Oil Companies: Keep out of Colombia's Seven Coloured Sea!
A consortium made up of the Spanish oil company Repsol (35% of shares), Colombia's state owned oil company Ecopetrol (50% of shares) and YPF (15% of shares) has been awarded concessions over two suspected oil fields, called Cayos 1 and Cayos 5, which are located just off the shore of the Caribbean archipelago of San Andrés, Providencia and Santa Catalina in Colombia.Call to action
The archipelago and the surrounding sea, also called the Seven Coloured Sea, make up the 350,000 square kilometre Seaflower Biosphere Reserve, declared by UNESCO in 2000 and the Seaflower Marine Protected Area (MPA), established by the Colombian government who thus acknowledged the need to protect this ecosystem and to safeguard the survival of the islands' indigenous Raizal communities. The destruction or degradation of this marine and island ecosystem would threaten marine and fishery resources which sustain local fishermen and provide food security for all islanders. Last year's disaster in the Gulf of Mexico highlighted the scale of the risk posed to by oil drilling.
Oil exploration will further threaten the marine life, including coral reefs, through the damage caused by spills and leaks of toxic pollutants, drilling, noise pollution (a particular threat to whales and dolphins. It will also threaten a fragile natural barrier near the shore which protects the islands from flooding. The coral reefs provide habitat and food for more than one quarter of the region's marine species, stabilises the beaches and gives the Seven Coloured Sea its name. Tourism is the most important economic sector on the islands, and people are also heavily dependent on fishing.
The environmental authority of San Andres has filed a lawsuit against the National Hydrocarbons Agency (ANH) to try and force them to stop oil exploration and drilling plans because the necessary and appropriate legal consultations with local communities were not carried out, as is often the case where transnational companies are involved.
Please support those islanders who are oppose this atrocity by signing the letter below which will be automatically sent to the Colombian Government, the Director of UNESCO and the presidents of REPSOL and Ecopetrol.Letter
Dear President Santos,
Dear Energy Minister Rodado,
Dear Environment Minister Uribe,
Dear UNESCO Director, Ms Bokova,
Dear President of REPSOL president, Mr. Brufau,
Dear President of Ecopetrol, Mr. Gutiérrez Pemberthy,
I was deeply shocked to learn that the oil company REPSOL-YPF and the Colombian state oil company ECOPETROL hold concessions over the suspected oil fields CAYO 1 and CAYO 5 in the Northern Keys of the Archipelago of San Andrés, Providencia and Santa Catalina in Colombia, and that you intend to undertake oil exploration in this fragile Caribbean ecosystem.
There are vital reasons why the oil companies must not proceed with the plans, since by doing they, as well as the Colombian government and UNESCO would be disregarding the following:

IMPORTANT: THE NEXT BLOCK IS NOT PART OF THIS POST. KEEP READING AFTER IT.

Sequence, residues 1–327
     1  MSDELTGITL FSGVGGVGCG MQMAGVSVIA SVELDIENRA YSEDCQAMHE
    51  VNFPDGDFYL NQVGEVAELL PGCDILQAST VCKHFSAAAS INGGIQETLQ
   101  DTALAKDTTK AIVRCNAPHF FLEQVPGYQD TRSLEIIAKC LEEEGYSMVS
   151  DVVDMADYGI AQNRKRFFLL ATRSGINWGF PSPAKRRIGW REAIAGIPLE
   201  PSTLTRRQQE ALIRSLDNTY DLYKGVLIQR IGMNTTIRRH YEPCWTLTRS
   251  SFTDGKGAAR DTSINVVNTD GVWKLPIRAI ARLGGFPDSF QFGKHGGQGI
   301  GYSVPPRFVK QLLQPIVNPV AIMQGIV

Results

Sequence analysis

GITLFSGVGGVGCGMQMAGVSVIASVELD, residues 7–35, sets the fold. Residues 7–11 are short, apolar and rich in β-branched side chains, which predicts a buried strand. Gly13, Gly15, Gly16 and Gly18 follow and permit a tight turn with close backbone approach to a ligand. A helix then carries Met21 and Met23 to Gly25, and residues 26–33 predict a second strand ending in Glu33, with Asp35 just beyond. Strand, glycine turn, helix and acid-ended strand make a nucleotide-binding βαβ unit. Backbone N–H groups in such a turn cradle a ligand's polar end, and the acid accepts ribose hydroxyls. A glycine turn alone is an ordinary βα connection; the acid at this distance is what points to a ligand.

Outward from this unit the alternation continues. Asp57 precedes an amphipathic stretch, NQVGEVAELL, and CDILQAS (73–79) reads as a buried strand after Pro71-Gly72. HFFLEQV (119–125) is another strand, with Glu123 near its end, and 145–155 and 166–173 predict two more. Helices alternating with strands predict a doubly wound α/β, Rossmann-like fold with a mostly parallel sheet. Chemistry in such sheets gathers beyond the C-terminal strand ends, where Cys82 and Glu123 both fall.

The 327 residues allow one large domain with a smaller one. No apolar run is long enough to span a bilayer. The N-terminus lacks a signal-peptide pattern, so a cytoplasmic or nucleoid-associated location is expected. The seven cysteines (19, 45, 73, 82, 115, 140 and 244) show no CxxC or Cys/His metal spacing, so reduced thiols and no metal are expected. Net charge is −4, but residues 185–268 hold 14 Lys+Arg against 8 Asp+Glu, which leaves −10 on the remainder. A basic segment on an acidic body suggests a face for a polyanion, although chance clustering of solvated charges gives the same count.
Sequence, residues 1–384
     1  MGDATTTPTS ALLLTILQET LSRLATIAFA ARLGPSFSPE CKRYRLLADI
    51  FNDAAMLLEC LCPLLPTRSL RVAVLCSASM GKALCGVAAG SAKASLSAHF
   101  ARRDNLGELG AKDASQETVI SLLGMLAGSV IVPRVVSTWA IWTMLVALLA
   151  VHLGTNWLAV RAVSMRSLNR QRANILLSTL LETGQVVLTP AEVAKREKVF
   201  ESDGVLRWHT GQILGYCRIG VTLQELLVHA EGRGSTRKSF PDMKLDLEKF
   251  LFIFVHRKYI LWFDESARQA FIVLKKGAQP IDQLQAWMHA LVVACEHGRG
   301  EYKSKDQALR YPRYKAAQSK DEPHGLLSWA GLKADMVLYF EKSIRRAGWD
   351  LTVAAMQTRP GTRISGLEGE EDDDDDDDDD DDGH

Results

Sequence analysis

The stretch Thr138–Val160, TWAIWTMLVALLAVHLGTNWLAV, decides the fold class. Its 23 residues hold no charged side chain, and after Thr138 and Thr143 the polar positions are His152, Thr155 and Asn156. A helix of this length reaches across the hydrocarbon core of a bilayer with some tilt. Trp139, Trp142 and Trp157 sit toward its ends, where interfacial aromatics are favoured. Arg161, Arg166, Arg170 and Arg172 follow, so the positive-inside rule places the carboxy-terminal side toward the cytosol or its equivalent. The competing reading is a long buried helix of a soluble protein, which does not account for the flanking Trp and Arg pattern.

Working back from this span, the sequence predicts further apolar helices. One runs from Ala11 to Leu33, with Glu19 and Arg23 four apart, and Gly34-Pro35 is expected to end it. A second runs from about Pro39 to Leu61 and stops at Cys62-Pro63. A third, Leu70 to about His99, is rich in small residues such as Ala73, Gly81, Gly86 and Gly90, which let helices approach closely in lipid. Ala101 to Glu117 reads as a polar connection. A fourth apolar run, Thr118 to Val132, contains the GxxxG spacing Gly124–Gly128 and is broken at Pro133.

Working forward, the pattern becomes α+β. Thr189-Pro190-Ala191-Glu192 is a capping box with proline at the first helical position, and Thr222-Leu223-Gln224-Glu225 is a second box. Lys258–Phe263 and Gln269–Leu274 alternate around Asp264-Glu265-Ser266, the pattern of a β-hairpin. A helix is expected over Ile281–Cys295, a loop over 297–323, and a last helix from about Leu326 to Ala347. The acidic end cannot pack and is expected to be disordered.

- Oil exploration and exploitation within such a diverse ecosystem is an atrocity. It will negatively affect this fragile ecosystem and the native raizal island community, an ethnic minority which relies heavily on small-scale fishing. The area holds one of the best-conserved and most extensive coral reef systems in the world. It is also one of the last remaining nesting sites for sea turtles and home to at least 57 species of coral, 400 species of fish, and 150 species of birds.
- The archipelago has been part of UNESCO’s World Network of Biosphere Reserves since the year 2000. This designation recognises the importance of the natural and cultural heritage of the islands and calls for a process of sustainable development which ensures the welfare of local people. It also involves an international commitment to protect these islands, a commitment which the Colombian government will breach if they proceed with oil exploration. Oil exploration is not sustainable.
- It is a region of high biodiversity and ecological value for local communities. For this reason, it also forms part of a worldwide system of Marine Protected Areas (MPAs).
- As a signatory to the Convention on Biological Diversity, Colombia may breach its international commitments and seriously jeopardise the entire Caribbean if it allows oil exploration in this area.
-The environmental authority of Archipelago has already filed a lawsuit challenging the granting of the concessions because the right to free, prior and informed consent (FPIC) was not guaranteed, as is so often the case when transnational companies are involved.
For these reasons, I ask you to immediately stop the absurd plan of exploring for oil in the archipelago.
I expect from ECOPETROL, REPSOL and YPF a response which goes beyond the submission of a 'corporate social responsibility' report and instead answers the specific concerns expressed in this letter.
I expect that the Colombian government acts to protect its citizens and its ecosystem, instead of indiscriminately handing over natural resources for commercial purposes. The Government must cancel the oil exploration contracts and protect the coral reefs and the sea.
I expect from UNESCO an active interest in the fate of the Seaflower Biosphere Reserve and appropriate measures to ensure its protection, including a ban on fossil fuels exploration.